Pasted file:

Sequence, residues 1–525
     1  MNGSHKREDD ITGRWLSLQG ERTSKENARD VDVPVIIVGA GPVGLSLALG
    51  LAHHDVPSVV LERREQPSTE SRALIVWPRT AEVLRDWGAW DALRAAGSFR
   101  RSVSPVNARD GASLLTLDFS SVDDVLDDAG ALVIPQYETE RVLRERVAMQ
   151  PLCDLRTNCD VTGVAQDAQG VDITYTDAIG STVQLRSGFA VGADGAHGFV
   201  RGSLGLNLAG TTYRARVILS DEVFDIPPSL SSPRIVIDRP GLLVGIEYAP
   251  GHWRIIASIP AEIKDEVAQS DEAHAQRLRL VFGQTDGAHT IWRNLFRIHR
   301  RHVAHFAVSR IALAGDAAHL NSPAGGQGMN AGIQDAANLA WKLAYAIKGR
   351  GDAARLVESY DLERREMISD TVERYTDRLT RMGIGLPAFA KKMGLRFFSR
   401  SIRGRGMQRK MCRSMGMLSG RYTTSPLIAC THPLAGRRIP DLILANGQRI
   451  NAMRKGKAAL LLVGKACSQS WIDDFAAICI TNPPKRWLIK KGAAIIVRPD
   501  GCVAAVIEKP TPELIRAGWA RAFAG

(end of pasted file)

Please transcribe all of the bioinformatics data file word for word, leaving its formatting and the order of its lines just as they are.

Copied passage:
Sequence, residues 1–525
     1  MNGSHKREDD ITGRWLSLQG ERTSKENARD VDVPVIIVGA GPVGLSLALG
    51  LAHHDVPSVV LERREQPSTE SRALIVWPRT AEVLRDWGAW DALRAAGSFR
   101  RSVSPVNARD GASLLTLDFS SVDDVLDDAG ALVIPQYETE RVLRERVAMQ
   151  PLCDLRTNCD VTGVAQDAQG VDITYTDAIG STVQLRSGFA VGADGAHGFV
   201  RGSLGLNLAG TTYRARVILS DEVFDIPPSL SSPRIVIDRP GLLVGIEYAP
   251  GHWRIIASIP AEIKDEVAQS DEAHAQRLRL VFGQTDGAHT IWRNLFRIHR
   301  RHVAHFAVSR IALAGDAAHL NSPAGGQGMN AGIQDAANLA WKLAYAIKGR
   351  GDAARLVESY DLERREMISD TVERYTDRLT RMGIGLPAFA KKMGLRFFSR
   401  SIRGRGMQRK MCRSMGMLSG RYTTSPLIAC THPLAGRRIP DLILANGQRI
   451  NAMRKGKAAL LLVGKACSQS WIDDFAAICI TNPPKRWLIK KGAAIIVRPD
   501  GCVAAVIEKP TPELIRAGWA RAFAG